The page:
“This is kind of like a true story.  In fact, in the song, I’m singing as though it’s about someone else, but it’s actually about me.  It’s about a guy who goes away on a long tour to Australia, and comes back home to find that he can’t get in the door, and starts to wonder why.  The key doesn’t seem to fit, but it must, because it’s the key that he brought with him on tour.  The story goes on to say that the girl that he was married to (my ex), comes to the door without a smile on her face.

In the song, the guy had just come back from a long trip to Australia (after a month’s tour), and when he walked into the house, found that all of his bags were packed to move out that day.

It’s kind of about divorce and being sent away from the ones you love.  That’s what happened to me.  So, in the song, I’m singing about somebody else, but the main protagonist is actually me.  It’s a real story that goes on to tell how the guy ends up alone.  This happened about seven or eight years ago, but it’s stuck with me.

I’m a little happier now than I was back then.  I have a new life now, but having no life (so to speak) back then, I thought that it was kind of important to write about it.  It got the damn monkey off my back.  It seems like when you write things down or talk about them, it gets a lot easier after a while.”



GRAHAM BONNET BAND – “California Air (Better Here Than There)”

Like “Into The Night,” “California Air (Better Here Than There)” comes from Graham Bonnet Band’s latest release, The Book (an epic double album that features remakes of some of Bonnet’s most well-known work).

Bonnet’s amazing vocals are complemented by his gregarious personality and sense of humor, both of which take center stage on this feel-good rock anthem.

You can take the boy out of the arena, but you can’t take the arena out of the boy.  Ok, I realize that is not really a saying, but just the same, there’s something extremely nostalgic about hearing songs that feel like they were meant to be played in front of thousands.

In a perfect world, Bonnet fans would get the opportunity to see him perform his latest songs and classics alike in an arena setting.  Unfortunately, the state of rock music (especially in the U.S.) makes that an unlikely scenario.  However, “California Air (Better Here Than There)” will electrify a crowd of any size.  This song is a timeless, instant classic that deserves much more attention than it is likely to get in the current climate.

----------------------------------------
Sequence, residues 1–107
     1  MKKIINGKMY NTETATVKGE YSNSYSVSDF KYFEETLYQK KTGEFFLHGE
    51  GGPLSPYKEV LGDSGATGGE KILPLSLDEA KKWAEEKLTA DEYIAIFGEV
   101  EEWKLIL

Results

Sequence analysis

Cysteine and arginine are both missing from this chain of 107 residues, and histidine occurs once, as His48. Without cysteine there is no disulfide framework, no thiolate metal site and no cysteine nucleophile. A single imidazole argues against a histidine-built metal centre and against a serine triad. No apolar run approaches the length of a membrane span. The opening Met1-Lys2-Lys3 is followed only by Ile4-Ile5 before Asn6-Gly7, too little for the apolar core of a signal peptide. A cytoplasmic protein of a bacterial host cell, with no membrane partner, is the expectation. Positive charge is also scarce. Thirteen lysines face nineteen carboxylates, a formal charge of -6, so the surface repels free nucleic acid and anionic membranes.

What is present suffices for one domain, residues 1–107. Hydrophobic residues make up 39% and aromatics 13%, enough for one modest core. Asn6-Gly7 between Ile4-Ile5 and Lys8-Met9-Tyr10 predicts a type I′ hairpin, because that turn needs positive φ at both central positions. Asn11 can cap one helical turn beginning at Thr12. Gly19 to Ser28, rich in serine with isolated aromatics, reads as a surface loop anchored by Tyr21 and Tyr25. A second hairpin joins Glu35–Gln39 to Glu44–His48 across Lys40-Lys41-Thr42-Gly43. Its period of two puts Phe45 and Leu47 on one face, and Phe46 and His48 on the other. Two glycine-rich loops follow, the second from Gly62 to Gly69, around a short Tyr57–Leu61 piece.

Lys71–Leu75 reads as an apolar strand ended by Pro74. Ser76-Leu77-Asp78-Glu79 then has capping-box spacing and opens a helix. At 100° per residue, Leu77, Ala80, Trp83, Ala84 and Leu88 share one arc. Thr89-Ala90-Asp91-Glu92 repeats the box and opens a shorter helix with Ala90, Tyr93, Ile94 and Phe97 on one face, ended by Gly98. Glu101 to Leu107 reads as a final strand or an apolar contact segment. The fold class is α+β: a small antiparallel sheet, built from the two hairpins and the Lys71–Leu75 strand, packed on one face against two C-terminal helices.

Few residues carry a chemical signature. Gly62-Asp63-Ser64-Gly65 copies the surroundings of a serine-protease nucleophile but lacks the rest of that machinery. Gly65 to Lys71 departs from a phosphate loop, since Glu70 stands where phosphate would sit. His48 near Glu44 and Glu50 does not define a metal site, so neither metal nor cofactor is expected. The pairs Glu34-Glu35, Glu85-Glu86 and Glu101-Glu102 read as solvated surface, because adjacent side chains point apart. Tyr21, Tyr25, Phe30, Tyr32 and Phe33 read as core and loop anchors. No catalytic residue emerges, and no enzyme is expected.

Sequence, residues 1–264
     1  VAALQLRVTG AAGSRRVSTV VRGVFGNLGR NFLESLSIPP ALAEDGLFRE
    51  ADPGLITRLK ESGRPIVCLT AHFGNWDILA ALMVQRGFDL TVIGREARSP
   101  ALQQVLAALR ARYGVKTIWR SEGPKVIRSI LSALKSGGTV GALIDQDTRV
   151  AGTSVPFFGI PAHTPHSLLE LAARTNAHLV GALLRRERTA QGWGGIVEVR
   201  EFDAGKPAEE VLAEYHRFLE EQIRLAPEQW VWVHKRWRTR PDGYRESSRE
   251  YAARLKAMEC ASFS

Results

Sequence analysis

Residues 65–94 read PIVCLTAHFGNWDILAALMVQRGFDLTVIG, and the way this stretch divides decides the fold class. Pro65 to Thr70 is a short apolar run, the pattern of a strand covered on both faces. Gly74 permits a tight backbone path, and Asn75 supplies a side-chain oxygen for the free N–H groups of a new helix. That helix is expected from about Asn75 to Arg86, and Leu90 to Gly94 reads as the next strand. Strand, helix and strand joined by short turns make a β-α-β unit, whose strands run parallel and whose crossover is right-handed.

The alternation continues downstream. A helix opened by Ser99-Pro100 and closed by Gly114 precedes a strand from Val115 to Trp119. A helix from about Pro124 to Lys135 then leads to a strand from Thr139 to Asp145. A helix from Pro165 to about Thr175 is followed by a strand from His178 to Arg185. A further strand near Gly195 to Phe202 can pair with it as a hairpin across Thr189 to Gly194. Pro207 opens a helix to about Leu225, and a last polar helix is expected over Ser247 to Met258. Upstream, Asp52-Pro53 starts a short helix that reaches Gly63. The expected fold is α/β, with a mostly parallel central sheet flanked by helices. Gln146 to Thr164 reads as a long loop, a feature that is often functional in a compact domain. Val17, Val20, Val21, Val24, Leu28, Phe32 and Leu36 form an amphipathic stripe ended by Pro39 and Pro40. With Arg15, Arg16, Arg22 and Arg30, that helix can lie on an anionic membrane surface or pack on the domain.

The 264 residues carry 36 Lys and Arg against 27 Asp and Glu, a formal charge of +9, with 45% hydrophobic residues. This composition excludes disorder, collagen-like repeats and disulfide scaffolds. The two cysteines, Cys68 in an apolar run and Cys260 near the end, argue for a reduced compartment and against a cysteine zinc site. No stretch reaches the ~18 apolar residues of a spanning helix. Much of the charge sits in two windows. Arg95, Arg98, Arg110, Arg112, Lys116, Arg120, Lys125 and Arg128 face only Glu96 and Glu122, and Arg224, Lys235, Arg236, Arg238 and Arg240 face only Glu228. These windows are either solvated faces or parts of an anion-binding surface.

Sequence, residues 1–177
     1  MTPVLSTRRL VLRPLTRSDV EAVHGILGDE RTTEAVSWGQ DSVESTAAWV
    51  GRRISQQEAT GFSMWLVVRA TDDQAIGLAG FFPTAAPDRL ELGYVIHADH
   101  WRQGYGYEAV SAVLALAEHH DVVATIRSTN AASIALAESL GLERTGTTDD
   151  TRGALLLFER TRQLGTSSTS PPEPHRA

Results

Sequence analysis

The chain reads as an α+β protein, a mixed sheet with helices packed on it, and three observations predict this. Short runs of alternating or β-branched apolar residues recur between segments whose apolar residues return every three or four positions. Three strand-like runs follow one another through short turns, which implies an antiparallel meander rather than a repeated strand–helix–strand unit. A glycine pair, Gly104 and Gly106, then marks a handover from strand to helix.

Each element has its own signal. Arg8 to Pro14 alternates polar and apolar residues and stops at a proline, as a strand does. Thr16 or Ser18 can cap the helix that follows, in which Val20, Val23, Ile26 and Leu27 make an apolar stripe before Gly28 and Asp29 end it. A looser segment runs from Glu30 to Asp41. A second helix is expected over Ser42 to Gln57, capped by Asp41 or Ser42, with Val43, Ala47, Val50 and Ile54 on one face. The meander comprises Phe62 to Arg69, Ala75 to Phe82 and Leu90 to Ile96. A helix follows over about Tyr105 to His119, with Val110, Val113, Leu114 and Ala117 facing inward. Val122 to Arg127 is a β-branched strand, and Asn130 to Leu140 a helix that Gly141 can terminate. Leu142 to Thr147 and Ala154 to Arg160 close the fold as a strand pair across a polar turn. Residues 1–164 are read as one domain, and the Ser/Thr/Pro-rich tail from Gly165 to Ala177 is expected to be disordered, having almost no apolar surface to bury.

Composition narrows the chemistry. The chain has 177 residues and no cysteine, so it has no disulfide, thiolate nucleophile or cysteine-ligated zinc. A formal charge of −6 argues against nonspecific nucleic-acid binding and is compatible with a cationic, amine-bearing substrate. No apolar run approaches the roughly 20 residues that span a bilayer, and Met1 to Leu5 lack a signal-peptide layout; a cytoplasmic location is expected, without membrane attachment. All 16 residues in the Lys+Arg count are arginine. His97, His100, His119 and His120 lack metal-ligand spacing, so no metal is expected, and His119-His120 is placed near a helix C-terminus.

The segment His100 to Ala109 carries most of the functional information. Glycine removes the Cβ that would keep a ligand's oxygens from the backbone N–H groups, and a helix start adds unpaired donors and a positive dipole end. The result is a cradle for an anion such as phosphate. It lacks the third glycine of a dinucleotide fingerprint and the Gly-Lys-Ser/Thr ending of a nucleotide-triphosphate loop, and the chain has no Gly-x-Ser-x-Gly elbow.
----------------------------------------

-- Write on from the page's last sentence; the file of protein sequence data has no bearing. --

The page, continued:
During the exclusive interview with Hard Rock Daddy, Bonnet also shared the story behind “California Air (Better Here Than There)” and a shocking revelation as well…

“It’s a bit of a tongue-in-cheek song, because we all know what the California air is like.  It’s awful; it’s terrible; it’s really, really bad (especially in Los Angeles).  But at the same time, we also try to be healthy here.  Everybody’s out there jogging in this awful air, and thinking that they’re becoming healthier.  The shape of their bodies may be ok, but when the air that you’re breathing isn’t that good, what’s in the body?  And, me being asthmatic as I am, I can tell if the smog is really heavy.  It’s very hard for me to breathe.

The song is meant to be sarcastic and tongue-in-cheek, not literal.  One of the lines in the song is ‘it’s better here than there.’  I’m talking about being in the cold by the North Sea in England.  I would trade England any day to be here in California.  I go back to England quite a bit, and it’s always nice to come back to here.  It’s a little bit of a joke and a little bit of a dig.  Is this an angel’s town or is it a lipsticked pig?”



 ANDY CHEUNG – HRD Music Scout

DESTRAGE – “Don’t Stare at the Edge”

Italian progressive metalcore act Destrage is back with their fourth album, A Means to No End Fans of the genre will not be disappointed with the opening riff and the weird syncopated drum intro.  The melody in the catchy chorus begs the listener to scream along with singer Paolo, as the rest of the band chugs along in odd time.  This band is so good, that calling them progressive metalcore doesn’t do them justice.


KHEMMIS “Three Gates”

Doom metal is difficult to do right.  There has to be the right amount of sludge, melody and heaviness.  Khemmis (from Denver, Colorado) did it right with their new album, Hunted.  Their single, “Three Gates,” has great melodies with doom-laden growling verses, the guitars are heavy and slow with interludes of clean undistorted guitars adding to the eeriness of the song.  Couple that with the rhythm section’s sludgy feel, and you have a great doom metal tune.




THE ANSWER – “Beautiful World”

From the intense groove to vocals often reminiscent of Robert Plant, there is an undeniable Led Zeppelin influence coursing through this Northern Irish hard rock band’s sixth album.  It combines poignantly with the Gaelic and Celtic influences of the band’s roots. This haunting selection stands out as an early personal favorite.


WILD SOULS – “Dirty Mind”

Wild Souls is a melodic rock band out of Greece, founded in 2010 by guitarist Kostis Tsiligiris.  This is the first single from their recently released album, Game of Love.  It nicely captures that classic late-‘80s sound, with some modern touches.